Plan the content for your Team Site

If the content on your sites is logically organized and easy-to-find, your sites will be easier to maintain and manage, and site users will be more productive. If you are a site collection admin or a site owner, you might find it helpful to sit down with the people in your organization who will be creating and saving content to get their input on the best ways to arrange it. This will help you determine things like the number and kinds of sites you need, and how you want to configure features like libraries, content types, navigation, and search.

In this article


What kinds of sites do you need?

Depending on the size or your organization and the volume of content that you plan to have on your Team Site, you may want to create subsites under your Team Site to organize content. The sites within a site collection are arranged into a hierarchy. When you create sites underneath the Team Site, you build out this hierarchy. You can create additional subsites or pages underneath the Team Site, and you can also create additional subsites or pages under these sites.

What’s the difference between a site and a page? A site is a collection of content that can contains items such as pages, document libraries, or lists. A page is an individual webpage on which you can display content, Web Parts, or links.

Site hierarchy diagram

There are many possible ways you can choose to organize subsites. For example, you could choose to create subsites:

  • By team or department
  • By functional purpose.
  • By content category
  • By project
  • By customer
  • By permission level or sensitivity (For example,, if there is information that needs to be restricted, you might want to isolate it to a specific site)

Before you get started creating sites, spend some time thinking about how many sites you might want and the logic by which you want to organize them. You might find it helpful to create a diagram of your site hierarchy to help organize your planning. You can quickly sketch a diagram on a piece of paper or a whiteboard, but you could also create a more formal diagram by using one of the Hierarchy shapes available as SmartArt in Microsoft Word or Microsoft PowerPoint. This will give you a diagram you can save and refer to, as well as modify over time.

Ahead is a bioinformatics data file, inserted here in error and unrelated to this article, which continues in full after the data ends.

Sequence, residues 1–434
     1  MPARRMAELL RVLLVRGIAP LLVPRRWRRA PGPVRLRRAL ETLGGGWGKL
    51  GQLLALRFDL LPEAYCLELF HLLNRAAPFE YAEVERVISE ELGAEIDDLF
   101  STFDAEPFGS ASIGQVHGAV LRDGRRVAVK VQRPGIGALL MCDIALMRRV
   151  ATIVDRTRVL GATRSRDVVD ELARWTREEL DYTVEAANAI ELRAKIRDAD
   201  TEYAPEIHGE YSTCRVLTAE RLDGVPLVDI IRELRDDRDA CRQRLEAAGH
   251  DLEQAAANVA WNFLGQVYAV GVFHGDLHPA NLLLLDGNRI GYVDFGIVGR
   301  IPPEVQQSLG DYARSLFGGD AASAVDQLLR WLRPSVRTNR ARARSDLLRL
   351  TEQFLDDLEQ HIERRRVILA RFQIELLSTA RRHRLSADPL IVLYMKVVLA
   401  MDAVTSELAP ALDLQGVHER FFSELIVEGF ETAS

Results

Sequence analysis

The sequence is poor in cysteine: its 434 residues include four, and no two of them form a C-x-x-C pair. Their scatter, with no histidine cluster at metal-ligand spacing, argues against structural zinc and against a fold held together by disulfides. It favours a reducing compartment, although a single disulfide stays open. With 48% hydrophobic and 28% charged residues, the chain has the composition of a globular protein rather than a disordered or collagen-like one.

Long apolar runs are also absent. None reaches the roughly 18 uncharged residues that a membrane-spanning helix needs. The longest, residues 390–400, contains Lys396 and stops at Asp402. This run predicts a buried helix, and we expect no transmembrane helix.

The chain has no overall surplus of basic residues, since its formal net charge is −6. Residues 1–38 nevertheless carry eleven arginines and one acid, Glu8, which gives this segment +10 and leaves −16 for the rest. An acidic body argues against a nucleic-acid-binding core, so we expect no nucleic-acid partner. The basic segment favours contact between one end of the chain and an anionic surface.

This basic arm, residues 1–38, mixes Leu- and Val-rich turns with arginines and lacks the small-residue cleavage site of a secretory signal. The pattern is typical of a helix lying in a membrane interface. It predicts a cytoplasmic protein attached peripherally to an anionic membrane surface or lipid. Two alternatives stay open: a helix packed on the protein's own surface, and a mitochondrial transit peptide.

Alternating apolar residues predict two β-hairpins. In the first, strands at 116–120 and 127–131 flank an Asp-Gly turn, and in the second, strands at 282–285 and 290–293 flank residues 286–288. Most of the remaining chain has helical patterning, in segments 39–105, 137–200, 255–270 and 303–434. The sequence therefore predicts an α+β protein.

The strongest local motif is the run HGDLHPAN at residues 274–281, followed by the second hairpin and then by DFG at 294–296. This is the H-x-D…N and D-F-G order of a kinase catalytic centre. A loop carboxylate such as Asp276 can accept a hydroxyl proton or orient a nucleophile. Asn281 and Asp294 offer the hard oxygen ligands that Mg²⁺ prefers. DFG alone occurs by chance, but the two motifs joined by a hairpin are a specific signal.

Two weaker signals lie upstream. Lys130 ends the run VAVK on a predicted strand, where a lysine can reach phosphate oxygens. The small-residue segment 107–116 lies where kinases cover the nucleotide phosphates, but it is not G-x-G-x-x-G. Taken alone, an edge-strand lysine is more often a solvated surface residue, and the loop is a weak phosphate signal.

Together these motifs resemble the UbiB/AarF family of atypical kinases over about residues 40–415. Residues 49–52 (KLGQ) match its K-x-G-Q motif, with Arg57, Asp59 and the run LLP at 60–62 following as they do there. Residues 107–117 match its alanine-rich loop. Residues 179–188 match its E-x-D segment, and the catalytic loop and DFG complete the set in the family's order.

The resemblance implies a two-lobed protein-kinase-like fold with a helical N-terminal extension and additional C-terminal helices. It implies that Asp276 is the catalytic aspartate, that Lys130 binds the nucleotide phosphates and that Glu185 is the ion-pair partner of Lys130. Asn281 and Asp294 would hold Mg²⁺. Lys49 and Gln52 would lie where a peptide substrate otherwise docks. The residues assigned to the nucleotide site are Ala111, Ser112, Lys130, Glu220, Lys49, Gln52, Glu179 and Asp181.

Also, think about the purpose or function of each site. This will help you determine what site templates you want to use to create new sites. SharePoint Online includes a variety of site templates from which you can select when you create a new site. By selecting a site template that is designed for a specific purpose, you can give users a powerful head start on their work. For example, if you want to create a site that team members can use to periodically share interesting news or ideas, you might want to start by selecting the Blog site template because this template is designed for this type of communication.

The site templates included in Office 365 for Small Business include:

  • Team Site
  • Blog
  • Project Site
  • Community Site
  • Basic Search Center

For more information about creating sites, see Create a site.

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What kind of content will you have on sites?

After you have given some thought to the number and type of sites that you want, do some planning for the content that will be stored on these sites. The goal for this content planning is to determine:

  • What kinds of content types you might want to create   . Content types help you customize how you handle and track specific kinds of content.
  • What kinds of metadata (site columns) you want to associate with these content types   . Metadata is information to help describe and categorize the content.
  • What kinds of lists or libraries you want to create on sites to organize content    Libraries can be used to store documents and other files, while lists can be useful for tracking tasks or issues.

Your organization may want to conduct this type of planning in a centralized way (especially for content types), but this is also the kind of planning that you should encourage individual site owners to perform as they customize sites for which they are responsible.

Do you need to define content types?